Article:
And then of course there's Bill Mauldin, whom the brass hated and the soldiers loved because Joe and Willie said what they couldn't....

              •  We weren't that close ... (2+ / 0-)
                Recommended by:
                Dumbo, xaxnar

                ... but we were friends anyhow. If he was in Italy, it just didn't come up when we spoke.

                Millions of us – the majority – must come together to insist that President Obama and the Democrats stand up and fight for the things we sent them there to do ... Michael Moore

                by MT Spaces on Sat Jan 05, 2013 at 08:22:37 PM PST

                [ Parent ]

              •  Bill Mauldin in Italy (4+ / 0-)

                I have Mauldin's "Upfront" in hardback, it belonged to my father. Much more interesting is this crumbling paperback published in 1944:

                Not only did it belong to my dad, but it is extensively annotated by him, including a prefatory letter addressed to me. My dad was in the landing at Salerno, was wounded at Anzio, and fought his way up the Italian boot, even was in charge of the liberation of a minor concentration camp in northern Italy, where some Austrians were held, including Kurt von Schuschnigg, the last head of the Austrian government before the Anschluss.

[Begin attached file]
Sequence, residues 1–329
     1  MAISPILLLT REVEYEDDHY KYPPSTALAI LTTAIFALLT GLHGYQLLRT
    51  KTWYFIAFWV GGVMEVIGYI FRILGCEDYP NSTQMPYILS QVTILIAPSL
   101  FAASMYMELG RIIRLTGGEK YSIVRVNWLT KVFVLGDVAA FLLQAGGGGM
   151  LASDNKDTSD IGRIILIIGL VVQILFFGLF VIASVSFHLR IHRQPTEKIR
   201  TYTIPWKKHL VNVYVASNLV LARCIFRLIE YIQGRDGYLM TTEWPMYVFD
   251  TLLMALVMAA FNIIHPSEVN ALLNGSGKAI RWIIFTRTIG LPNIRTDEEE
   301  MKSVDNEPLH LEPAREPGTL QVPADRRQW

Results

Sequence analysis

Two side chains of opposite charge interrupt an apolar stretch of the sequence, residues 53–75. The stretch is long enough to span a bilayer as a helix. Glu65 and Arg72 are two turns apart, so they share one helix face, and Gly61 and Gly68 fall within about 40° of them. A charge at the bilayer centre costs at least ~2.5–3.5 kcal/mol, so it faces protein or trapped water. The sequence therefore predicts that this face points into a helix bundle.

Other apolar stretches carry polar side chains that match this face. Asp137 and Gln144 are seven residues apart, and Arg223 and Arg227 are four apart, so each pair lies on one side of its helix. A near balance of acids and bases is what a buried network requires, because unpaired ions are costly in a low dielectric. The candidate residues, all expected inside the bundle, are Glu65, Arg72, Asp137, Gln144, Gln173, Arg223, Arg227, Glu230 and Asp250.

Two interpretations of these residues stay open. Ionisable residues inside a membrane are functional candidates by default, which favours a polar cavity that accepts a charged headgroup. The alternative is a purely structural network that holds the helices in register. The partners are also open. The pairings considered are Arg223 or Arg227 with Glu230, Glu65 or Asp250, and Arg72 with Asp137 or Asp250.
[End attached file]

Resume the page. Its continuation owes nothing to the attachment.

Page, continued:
If your internal map of reality doesn't match external conditions, bad things happen.--Cambias

                by pimutant on Sun Jan 06, 2013 at 12:30:46 AM PST

                [ Parent ]

                •  PS: Size failure! (1+ / 0-)
                  Recommended by:
                  MT Spaces

                  I tried to resize this, but nothing changed! Dang Photobucket anyway! I will strive to remember to always and only upload at the size I want, and never ever try to edit anything once it is there. Sorry.

                  If your internal map of reality doesn't match external conditions, bad things happen.--Cambias

                  by pimutant on Sun Jan 06, 2013 at 12:33:36 AM PST

                  [ Parent ]

                •  That sounds similar to my uncle Lou's war (1+ / 0-)
                  Recommended by:

                  He was a sergeant in a tank destroyer battalion under Gen. Clark, and yes, he was definitely in Italy.  I never dared ask what he saw or where he saw because his regiment liberated Dachau, and evidently what he saw was so horrendous that he simply didn't want to talk about it.

                  •  And that was just a concentration camp. (0+ / 0-)

                    Not a death camp.

                    The thing about quotes on the internet is you cannot confirm their validity. ~Abraham Lincoln

                    by raboof on Sun Jan 06, 2013 at 07:53:11 AM PST

                    [ Parent ]

                    •  And even that was bad enough that evidently (1+ / 0-)
                      Recommended by:

                      Some of the Americans present (including members of Lou's unit) basically went crazy and massacred the guards who'd already surrendered.  The most I ever found out that was Lou witnessed the inmates stoning a trustie to death, but I'm sure he saw more than that.

  •  And in the "Books so bad they're appalling" (20+ / 0-)

    category, we have The Pink Swastika by Scott Lively and Kevin Abrams, which claims that Hitler was gay, most high-ranking Nazis were gay (because gay men are so much more violent & dangerous - no, really, that's their argument), and most serial killers have been gay as well.